After three months of waiting, a release date has been announced for City Of Life, the country's first major feature film. The 90-minute movie, which depicts three characters whose lives become entwined, will screen at 12 theatres in Dubai, Abu Dhabi and Sharjah beginning on April 22. The film premiered at the Dubai International Film Festival last year, and its director, Ali Mostafa, has been waiting impatiently for Gulf Film to distribute the movie since January.
"We were not given enough of their time; the people in charge of getting this film on the screens did not give 100 per cent because it is a local film," Mr Mostafa said. "It has been an unnecessary struggle. I hope this doesn't happen to anyone else." The 29-year-old Emirati began writing the film, which will kick-start the Gulf Film Festival in Dubai on April 8, four years ago and filmed it early last year.
Salim Ramia, a partner at Gulf Film, said it was important to pick the right moment to release the film. "Due to the heavy traffic of movie releases every week, at least eight movies, you need to find the right slot," he said. "It goes the same with Hollywood films. You need to find nice timing and dates, then you get a good audience. You need to see the competition against your movie." Though the film is in English, Arabic and Hindi and is subtitled in English where necessary, Mr Ramia said Gulf Film considers it an "Arabic movie" and made sure there were no other major releases in that genre on April 22.
To speed up international distribution, the City Of Life team set up an online petition so fans could demand the film be screened in their countries. After the UAE release, City Of Life will screen in the Gulf, then the subcontinent, Europe and finally the US, Mr Mostafa said. The plot concerns the lives of an Indian taxi driver, an Eastern European air hostess and a rich young Emirati. Tim Smythe, the producer, was also involved with two major Hollywood films, The Kingdom and Syriana. Local companies, he said, were hugely useful in supporting local filmmakers.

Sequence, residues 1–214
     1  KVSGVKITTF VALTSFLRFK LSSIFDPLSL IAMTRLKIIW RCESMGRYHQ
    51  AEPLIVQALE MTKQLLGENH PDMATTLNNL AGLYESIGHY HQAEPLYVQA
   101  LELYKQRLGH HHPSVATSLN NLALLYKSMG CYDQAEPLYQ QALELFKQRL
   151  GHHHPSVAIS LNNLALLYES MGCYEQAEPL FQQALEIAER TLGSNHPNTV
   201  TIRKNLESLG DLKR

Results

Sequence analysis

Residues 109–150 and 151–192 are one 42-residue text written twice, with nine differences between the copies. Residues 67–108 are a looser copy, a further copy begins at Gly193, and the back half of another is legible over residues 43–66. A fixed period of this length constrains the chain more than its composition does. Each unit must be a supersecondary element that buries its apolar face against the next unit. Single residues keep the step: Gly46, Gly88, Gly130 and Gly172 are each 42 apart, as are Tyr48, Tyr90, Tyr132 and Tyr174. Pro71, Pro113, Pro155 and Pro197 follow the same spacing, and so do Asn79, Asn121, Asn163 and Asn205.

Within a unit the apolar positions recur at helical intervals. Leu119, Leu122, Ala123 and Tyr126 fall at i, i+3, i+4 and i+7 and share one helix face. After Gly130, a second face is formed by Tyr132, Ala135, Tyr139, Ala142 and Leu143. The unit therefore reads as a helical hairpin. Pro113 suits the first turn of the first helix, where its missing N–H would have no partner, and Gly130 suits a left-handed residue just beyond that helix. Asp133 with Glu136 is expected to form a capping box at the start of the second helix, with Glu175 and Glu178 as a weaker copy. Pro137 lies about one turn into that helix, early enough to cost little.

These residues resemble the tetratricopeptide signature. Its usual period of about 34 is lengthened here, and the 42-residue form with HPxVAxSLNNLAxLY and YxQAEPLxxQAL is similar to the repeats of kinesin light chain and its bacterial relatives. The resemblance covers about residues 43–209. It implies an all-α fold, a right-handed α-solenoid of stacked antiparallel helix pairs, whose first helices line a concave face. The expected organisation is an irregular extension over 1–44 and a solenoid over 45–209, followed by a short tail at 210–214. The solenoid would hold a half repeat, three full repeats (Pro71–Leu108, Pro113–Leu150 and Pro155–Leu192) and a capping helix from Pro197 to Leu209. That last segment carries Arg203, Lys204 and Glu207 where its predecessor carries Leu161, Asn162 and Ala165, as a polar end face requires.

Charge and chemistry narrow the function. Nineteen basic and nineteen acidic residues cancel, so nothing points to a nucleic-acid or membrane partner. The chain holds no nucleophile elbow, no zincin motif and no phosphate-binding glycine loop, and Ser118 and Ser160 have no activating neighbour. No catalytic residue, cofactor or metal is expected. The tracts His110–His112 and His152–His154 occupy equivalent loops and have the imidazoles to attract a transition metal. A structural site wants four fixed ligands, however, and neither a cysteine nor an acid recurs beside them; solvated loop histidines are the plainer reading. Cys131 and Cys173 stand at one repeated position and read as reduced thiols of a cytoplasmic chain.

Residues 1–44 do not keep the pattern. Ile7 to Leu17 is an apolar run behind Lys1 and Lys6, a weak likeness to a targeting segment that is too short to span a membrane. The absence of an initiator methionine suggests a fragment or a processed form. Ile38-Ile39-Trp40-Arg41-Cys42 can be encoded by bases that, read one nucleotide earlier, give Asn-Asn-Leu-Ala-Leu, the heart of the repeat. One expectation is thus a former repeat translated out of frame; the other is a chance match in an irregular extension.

"Hopefully this trend will help nurture future films," he said. "We hope it will encourage others to support artistic initiatives, which can stimulate and enrich the cultural and economic life of the local community, and create new and exciting platforms for the development of emerging Emirati talent and a sustainable indigenous film industry." Those who have seen the film have been impressed. "For our first feature movie in the UAE, it was amazing," said Diya Khalil, a 24-year-old Jordanian national who lives in Sharjah and attended a Dubai film festival showing in December. "It will do well internationally because it will satisfy so much of the curiosity about Dubai. The story was very honest and I was surprised by this; it discusses issues that we all know and go through but we don't discuss in public."
"I have lived in Dubai for most of my life so it was good to see the sites and the storyline was good," said Ramzi Jaber, a 25-year-old Palestinian. "It is not that ground-breaking, but it did show many sides of Dubai. "It wasn't too controversial, yet it wasn't like an advertisement for Dubai either. It's a good start for a locally produced film." @Email:firstname.lastname@example.org